Wordless Wednesday

image

Tuesday

No post today. Stay tuned for Wordless Wednesday!

Musical Monday: My Immortal – Evanescence

Alfred Lord Tennyson wrote, in his poem “In Memoriam”:

I hold it true, whate’er befall;
I feel it, when I sorrow most;
‘Tis better to have loved and lost
Than never to have loved at all.

I sometimes wonder what Tennyson was smoking when he wrote that. I guess I’ve never known what it felt like to have never loved at all, so I’ll never know if it’s true. I have, however, loved and lost. So maybe anything is better than that, including never having loved at all.

I’ve gone through phases during the past six and a half years of my life. The phases have grown fewer and last a shorter amount of time than they did long ago, but they’re still there. Maybe because not many people see this blog, I feel ok writing about it. And I know I’m not the only one who’s been dealt this blow, so that helps, too.

I don’t believe in the concept of “The One” in regards to finding a spouse. I believe there are different people one is compatible with during certain phases of their life, and when you’re both in the right phase at the right time, then Yay! But if not, all is not lost. Like the summer rain in Florida, just wait a few minutes. The sun will be out again. But if there really is only “the one”, then I’ve already found and lost him. That’s why I’m hoping it’s just a silly concept.

I’ve been what I thought was “in love” several times in my life. Who hasn’t, right? But true love…real love…the kind that seems to define your very existence. The love that makes you physically sick when you’re apart. The love that makes you wonder if you could survive without them in your life. The love real love songs about swimming oceans and climbing mountains and walking thousands of miles are written for. That love I’ve only found once. And I sometimes wonder if I ever will again.

It’s not a pretty tale. It’s actually a fairly devestating one, full of sadness and wrong choices and betrayal and rejection (from both sides) that I will not delve into. It has marked my life in many ways during the past twelve (yes, I said twelve) years. And even though he’s halfway across the world now, and I haven’t seen him in six years, I still don’t think I’m completely over it. He was selfish and I was stupid. He was (and crazily enough, still is) my closest friend in this world. But I am forever changed.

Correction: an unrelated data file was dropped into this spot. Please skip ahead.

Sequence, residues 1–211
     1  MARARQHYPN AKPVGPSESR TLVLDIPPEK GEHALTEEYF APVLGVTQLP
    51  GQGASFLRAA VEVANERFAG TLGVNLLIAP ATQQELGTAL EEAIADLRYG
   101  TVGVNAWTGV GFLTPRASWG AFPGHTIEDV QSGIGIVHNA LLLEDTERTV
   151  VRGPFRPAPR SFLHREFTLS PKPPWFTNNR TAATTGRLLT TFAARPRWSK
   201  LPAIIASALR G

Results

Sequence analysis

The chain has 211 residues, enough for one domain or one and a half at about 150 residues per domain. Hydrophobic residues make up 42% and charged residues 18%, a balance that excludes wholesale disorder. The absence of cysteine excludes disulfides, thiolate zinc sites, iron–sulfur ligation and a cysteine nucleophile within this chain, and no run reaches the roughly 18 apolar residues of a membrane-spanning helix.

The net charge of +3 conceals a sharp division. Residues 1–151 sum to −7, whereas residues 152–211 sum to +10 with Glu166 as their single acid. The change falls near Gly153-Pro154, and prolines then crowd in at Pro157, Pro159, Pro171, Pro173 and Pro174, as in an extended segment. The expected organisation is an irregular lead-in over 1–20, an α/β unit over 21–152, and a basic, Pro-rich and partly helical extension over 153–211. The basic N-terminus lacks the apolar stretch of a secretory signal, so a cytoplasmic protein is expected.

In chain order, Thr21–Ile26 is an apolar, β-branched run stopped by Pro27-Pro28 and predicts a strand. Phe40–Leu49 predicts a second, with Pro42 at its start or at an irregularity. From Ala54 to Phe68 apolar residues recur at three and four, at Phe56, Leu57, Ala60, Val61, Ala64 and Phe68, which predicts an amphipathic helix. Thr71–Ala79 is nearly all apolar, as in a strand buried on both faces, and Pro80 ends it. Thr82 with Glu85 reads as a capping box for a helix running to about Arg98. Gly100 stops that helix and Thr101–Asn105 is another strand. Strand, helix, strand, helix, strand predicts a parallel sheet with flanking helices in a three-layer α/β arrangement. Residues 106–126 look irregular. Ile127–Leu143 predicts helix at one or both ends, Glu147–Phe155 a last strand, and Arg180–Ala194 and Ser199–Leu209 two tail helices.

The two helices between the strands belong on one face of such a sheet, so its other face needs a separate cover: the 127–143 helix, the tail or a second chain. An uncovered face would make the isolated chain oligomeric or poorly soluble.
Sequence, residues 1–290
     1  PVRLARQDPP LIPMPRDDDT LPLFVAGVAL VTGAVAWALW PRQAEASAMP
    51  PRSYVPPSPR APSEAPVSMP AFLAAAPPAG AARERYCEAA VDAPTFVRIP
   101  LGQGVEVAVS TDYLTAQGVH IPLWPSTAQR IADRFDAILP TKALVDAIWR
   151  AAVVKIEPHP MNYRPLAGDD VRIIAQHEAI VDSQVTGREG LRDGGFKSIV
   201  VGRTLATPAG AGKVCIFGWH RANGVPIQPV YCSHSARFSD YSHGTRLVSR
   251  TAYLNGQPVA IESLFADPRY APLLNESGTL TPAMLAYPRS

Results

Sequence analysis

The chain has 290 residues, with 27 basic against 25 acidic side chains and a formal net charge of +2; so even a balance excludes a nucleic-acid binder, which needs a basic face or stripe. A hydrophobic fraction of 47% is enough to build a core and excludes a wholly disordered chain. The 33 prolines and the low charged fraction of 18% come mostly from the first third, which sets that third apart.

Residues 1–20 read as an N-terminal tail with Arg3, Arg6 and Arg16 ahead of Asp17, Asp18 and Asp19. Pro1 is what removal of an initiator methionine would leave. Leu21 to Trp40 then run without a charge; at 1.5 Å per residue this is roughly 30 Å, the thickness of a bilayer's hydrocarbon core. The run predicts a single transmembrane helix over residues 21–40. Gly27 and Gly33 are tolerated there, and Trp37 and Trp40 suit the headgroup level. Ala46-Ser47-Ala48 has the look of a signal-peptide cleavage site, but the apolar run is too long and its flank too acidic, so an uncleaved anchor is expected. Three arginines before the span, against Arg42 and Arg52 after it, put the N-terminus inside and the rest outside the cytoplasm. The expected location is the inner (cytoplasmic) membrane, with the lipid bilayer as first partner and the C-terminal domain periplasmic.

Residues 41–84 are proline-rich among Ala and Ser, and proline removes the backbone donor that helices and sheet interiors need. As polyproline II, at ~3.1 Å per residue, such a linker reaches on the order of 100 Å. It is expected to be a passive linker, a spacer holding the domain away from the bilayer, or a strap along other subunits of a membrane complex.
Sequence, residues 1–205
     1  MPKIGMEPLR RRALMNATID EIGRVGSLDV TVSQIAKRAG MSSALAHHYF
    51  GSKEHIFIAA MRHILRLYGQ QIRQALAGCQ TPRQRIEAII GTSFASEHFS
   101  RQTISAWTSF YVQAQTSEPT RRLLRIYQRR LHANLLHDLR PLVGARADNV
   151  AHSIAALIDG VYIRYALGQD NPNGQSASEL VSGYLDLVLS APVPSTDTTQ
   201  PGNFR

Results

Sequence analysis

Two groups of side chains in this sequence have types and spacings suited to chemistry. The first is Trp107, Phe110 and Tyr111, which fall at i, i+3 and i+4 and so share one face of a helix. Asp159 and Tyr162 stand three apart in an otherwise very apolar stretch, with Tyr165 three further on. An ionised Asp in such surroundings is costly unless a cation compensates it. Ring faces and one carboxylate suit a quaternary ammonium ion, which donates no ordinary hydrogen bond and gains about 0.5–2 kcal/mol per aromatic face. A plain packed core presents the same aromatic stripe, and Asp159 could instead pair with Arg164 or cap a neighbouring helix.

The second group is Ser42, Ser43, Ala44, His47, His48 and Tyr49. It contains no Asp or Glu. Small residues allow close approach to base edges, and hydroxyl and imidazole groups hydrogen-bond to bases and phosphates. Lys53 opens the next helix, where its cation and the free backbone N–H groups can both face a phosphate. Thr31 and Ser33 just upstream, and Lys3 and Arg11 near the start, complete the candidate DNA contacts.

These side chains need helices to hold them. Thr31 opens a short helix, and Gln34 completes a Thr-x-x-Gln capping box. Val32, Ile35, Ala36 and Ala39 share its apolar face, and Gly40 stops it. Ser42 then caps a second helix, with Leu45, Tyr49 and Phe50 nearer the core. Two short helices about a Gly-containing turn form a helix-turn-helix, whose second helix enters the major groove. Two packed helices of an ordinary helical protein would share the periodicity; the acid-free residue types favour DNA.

I still mourn what could have been. I’ve moved on, but never really all the way through. Sometimes I think I am permenantly damaged. I guess there’s no way to go through what we did and not be. And I still go through times when the sorrow is overwhelming and the pain is deep and the loss feels so fresh. Silly, I know, given the years and miles that have separated us. But the periods of sorrow, like I said, are getting fewer. Maybe one day I’ll be over it completely. But I’m just in one of those periods now.

I miss my best friend. I miss my soulmate. For that’s what we are. We have both acknowledged it. And when you are separated from your soulmate, it makes a profound impact on you. I am forever scarred. Most days the scar is pale and shallow. But there are a few days, a few times, like now, were the scar is deep and painful with no cause for reinjury. Just part of the damage I bear, I guess.

I will love again, I am sure. But for now,

These wounds won’t seem to heal
This pain is just too real
There’s just too much that time cannot erase

When you cried I’d wipe away all of your tears
When you’d scream I’d fight away all of your fears
And I held your hand through all of these years
But you still have
All of me

Soapbox Saturday: BBL

**Post is under construction! Please check back later!**

Faith Friday: Me, Moses? I’m not…oh. I see what you did there…

**This is a repost of an earlier blog. I’m not in a place to write a new post right now, and this one has a lot of good to say, especially in light of our nation today. Please read and share, if you would like.**

Moses.

Poor Moses.

You really have to feel for the guy. The only known survivor of Pharaoh’s murderous tirade against the Hebrew children. Enduring the identity crisis of being raised a prince of Egypt while knowing his true heritage was out in the plains of slavery. Watching his people being battered and abused. Secretly killing on of the abusers, only to find out that EVERYONE knew about it, and that a death sentence was on his head. Fleeing the only home he’s ever known into a desert world. Stumbling to a well only to have to be the hero in the epic battle of the Midianite girls versus the ruffian shepherds. Doesn’t he deserve a break?

Finally, he gets one. He’s taken into the home of the priest of Midian. He settles down. He gets married. Has children. Becomes a shepherd. Yeah, his life was pretty good.

Then he just HAD to see it.

The bush was on fire, yet not burning. Curiosity being a human curse, he couldn’t just ignore it. I mean, how often do you see a bush on fire but NOT being consumed? He went to check it out. And we all know what happened from there. God spoke to Moses. Told Moses it was time to leave the comfortable life he had and to do the work of the Lord. It meant going back to the one place Moses never wanted to see again.

Can we really blame Moses for making excuses? Moses gave every excuse he could think of, from his social position (or lack thereof) to his previous reputation to even his stutter! And each time, God had an answer ready. Like Moses could sway God’s decision in this – A God who knew Moses’ excuses before Moses even did, yet still was calling him.

Hindsight being what it is, we can sit here and chide Moses for his actions. We think, “Now, really, Moses. God has an awesome plan for you! You’re going to save lives! He’s got this awesome opportunity for you to minister to those in need. Don’t be silly and complacent. Go!”

Oh, the hypocrisy!